For example, we can use the following image to demonstrate good Magic Wand tool, for it has a large portion of white background to select. To create a (poor quality) clipping path, click the white area surrounding the ornament with Magic Wand Tool. An area with similar value of white will be selected. Then, while holding down the Shift key (to add to the existing selection), click the slightly darker area surrounding the ornament. The result is shown below (right). All white area selected. Now go to Select/Inverse in order to select the ornament instead of background.

To create a vector path, go to the Paths Palette, click the little sub-menu arrow top tight and select ‘Make Work Path’. You will be prompted what Tolerance to enter. The higher the figure, the more points will appear in the path, and the closer (but more unevenly) it will surround the image. The lower the number, the fewer points will appear on the path, and the smoother (but less accurate) the path will be. Let’s enter 2.0. The work path has been made. Select ‘Save Path’ from the Pallet’s sub-menu.

Now zoom in the path just created. By using tolerance level of 2.0, the image below left shows how inaccurately the path created. If used a lower value, say 0.5, the right side image below shows how ragged the result become.

Now convert the image to CMYK and ensure that it’s 300 DPI, actual size. Now save the image as a Photoshop EPS file using the default values. Now place the image in InDesign. Quark Express also can be used. Select View / Display Performance / High Quality Display in order to get the best on-screen redraw. You’ll see that the tolerance level of 2 gives us a more smooth result, but some areas of background also appears, and cuts into image were we don’t want it to. With tolerance level of 0.5 gives us a more rough edge and poor result.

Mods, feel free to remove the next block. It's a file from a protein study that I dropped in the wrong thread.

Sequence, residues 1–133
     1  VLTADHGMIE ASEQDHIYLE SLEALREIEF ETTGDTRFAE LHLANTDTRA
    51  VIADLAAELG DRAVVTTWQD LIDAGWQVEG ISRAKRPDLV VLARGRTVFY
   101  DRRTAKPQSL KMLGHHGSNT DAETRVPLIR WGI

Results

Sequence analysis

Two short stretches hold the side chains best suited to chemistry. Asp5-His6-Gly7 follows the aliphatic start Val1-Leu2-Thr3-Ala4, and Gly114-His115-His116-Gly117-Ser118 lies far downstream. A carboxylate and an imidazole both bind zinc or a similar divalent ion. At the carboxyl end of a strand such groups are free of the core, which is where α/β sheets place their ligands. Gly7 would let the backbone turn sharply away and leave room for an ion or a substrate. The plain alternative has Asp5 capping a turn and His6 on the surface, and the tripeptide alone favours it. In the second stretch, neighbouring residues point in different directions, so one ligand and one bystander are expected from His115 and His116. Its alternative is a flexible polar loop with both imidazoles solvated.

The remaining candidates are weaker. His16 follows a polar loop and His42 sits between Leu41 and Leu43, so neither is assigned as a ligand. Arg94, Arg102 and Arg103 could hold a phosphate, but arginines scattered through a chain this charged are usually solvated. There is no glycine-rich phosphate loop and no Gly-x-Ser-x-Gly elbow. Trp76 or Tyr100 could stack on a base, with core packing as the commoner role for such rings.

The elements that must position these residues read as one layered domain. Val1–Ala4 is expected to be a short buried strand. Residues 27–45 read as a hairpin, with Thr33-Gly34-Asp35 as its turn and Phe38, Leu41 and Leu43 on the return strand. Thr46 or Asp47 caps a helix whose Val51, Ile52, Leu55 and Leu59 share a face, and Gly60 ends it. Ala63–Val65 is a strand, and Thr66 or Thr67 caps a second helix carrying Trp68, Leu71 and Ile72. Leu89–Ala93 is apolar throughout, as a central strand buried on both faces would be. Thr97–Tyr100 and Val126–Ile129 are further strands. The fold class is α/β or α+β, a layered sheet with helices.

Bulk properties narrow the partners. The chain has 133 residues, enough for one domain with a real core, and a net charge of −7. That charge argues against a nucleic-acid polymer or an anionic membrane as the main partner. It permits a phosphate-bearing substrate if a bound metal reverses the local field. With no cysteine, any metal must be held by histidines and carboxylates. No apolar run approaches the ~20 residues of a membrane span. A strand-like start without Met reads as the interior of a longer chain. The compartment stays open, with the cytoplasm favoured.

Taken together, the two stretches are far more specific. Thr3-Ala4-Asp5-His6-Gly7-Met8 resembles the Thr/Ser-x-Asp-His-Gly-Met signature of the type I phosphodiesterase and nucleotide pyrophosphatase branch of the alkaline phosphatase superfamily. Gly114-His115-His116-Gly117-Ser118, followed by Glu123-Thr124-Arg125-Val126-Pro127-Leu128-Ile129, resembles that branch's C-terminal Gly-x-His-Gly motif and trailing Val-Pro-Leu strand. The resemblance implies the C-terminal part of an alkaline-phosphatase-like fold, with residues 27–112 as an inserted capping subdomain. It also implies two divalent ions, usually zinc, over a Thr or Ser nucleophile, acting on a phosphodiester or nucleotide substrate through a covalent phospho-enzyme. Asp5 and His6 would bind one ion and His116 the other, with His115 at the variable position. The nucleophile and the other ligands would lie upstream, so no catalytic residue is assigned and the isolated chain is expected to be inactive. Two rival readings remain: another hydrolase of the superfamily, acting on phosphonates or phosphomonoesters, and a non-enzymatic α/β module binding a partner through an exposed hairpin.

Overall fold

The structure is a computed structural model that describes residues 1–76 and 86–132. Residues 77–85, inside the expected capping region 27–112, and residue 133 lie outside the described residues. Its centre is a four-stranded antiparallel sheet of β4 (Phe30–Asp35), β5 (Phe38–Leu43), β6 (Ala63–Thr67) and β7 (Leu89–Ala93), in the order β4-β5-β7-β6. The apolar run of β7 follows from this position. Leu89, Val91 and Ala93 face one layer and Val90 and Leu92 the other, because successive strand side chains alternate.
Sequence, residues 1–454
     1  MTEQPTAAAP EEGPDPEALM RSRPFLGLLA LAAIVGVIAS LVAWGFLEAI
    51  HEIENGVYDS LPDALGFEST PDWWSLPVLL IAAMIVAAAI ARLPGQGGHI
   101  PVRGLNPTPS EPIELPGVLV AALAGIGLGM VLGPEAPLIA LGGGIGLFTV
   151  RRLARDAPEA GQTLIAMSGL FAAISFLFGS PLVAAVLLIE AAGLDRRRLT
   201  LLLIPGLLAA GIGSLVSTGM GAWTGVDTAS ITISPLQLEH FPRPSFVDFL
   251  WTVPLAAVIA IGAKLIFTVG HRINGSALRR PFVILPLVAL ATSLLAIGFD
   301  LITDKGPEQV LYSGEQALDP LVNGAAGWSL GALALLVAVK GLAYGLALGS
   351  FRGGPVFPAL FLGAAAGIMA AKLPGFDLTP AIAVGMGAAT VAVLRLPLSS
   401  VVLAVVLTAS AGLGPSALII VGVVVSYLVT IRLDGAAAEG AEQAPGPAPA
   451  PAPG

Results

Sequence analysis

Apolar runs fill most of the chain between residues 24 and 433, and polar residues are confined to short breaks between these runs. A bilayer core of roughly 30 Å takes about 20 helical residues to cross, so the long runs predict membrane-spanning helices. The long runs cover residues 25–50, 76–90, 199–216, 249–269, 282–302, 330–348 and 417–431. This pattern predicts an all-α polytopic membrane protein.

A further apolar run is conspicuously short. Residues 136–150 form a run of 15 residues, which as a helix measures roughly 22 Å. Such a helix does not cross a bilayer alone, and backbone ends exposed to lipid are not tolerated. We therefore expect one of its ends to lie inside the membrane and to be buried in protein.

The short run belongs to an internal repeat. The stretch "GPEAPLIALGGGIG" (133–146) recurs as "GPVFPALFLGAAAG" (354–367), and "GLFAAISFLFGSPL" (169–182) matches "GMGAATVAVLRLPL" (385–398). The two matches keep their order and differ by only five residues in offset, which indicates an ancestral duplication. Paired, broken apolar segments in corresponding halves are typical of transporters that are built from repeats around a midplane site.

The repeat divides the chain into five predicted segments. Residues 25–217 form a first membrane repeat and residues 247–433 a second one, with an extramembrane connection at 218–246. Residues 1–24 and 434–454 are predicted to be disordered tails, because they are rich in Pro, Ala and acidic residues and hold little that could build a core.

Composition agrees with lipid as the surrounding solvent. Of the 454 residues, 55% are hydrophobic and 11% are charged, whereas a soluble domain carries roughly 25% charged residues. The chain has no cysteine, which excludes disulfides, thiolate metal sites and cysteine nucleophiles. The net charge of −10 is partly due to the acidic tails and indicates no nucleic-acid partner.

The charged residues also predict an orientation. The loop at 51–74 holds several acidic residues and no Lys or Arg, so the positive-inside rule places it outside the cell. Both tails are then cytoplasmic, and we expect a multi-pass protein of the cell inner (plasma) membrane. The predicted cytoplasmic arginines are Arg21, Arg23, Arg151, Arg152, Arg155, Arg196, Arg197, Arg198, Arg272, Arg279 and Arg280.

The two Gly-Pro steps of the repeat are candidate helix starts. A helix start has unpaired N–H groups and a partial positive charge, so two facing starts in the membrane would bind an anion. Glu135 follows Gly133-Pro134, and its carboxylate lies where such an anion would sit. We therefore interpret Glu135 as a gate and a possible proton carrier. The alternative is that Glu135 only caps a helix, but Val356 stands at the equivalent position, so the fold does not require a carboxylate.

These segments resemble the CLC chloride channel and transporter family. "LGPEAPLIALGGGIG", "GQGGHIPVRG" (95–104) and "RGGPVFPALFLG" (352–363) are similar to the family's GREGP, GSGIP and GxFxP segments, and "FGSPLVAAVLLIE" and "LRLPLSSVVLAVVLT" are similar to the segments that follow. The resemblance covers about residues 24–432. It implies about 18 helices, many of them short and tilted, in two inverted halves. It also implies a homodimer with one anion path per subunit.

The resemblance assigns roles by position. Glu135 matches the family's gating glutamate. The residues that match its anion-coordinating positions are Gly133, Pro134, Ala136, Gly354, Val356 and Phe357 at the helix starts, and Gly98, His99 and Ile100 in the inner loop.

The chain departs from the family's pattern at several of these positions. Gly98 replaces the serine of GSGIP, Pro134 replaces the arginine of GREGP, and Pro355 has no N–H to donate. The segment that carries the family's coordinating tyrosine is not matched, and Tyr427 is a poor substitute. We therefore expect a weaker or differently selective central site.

How to act on clipping path?

So, the next obvious question is how to act on clipping path? When high quality Photoshop Clipping path is needed, the quickest way is to manually draw and achieve a good cutout. More use of the Pen Tool in Photoshop, the quicker and more accurate you will become.

If you click and hold the Pen Tool in the Photoshop Tools Palette the Photoshop gives a list of all its additional tools. The Pen tool, Add Anchor Point Tool, Delete Anchor Point Tool and Convert Point Tool is mostly used. You can also get those additional tools by click on pen tool by holding the Alt key. Also Path selection tool and Direct Selection Tool on Tools Palette are useful to adjust the Path and Anchor Points.

As shown bellow, the trace should be done on the image so that the path is roughly in the center of the anti-aliasing. Anti-aliasing occurs when the computer blends the hard edges of an image object with the background color to soften the difference between the foreground and background objects. In other words, put the path half way between the brown and white. This will minimize chance of appearing the white background with the final image cutout. To fine tune the selection use the Convert Point Tool, Path selection tool and Direct Selection Tools.

Once the path is completed save the path, make sure the image is CMYK with 300 dpi, and save the file in EPS format similarly as mentioned earlier. Now when you put the file in a layout program you will see that the result is much more accurate with much less error of bring in the previous background.

Photoshop clipping paths are great for creating cutout images, but there may be more complex areas that may cause trouble, like hair for example. This tutorial assumes that the background is very plain. Clipping path may not be applicable on more detailed or uneven background.